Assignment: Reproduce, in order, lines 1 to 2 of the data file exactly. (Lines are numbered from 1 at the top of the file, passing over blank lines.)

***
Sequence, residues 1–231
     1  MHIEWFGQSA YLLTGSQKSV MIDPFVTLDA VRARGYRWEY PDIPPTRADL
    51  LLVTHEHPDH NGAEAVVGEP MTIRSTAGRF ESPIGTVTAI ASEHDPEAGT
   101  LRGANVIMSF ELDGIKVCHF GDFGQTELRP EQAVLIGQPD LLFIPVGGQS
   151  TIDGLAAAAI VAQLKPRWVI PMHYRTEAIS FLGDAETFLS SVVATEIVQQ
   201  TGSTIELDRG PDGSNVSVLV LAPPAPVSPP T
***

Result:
Sequence, residues 1–231
     1  MHIEWFGQSA YLLTGSQKSV MIDPFVTLDA VRARGYRWEY PDIPPTRADL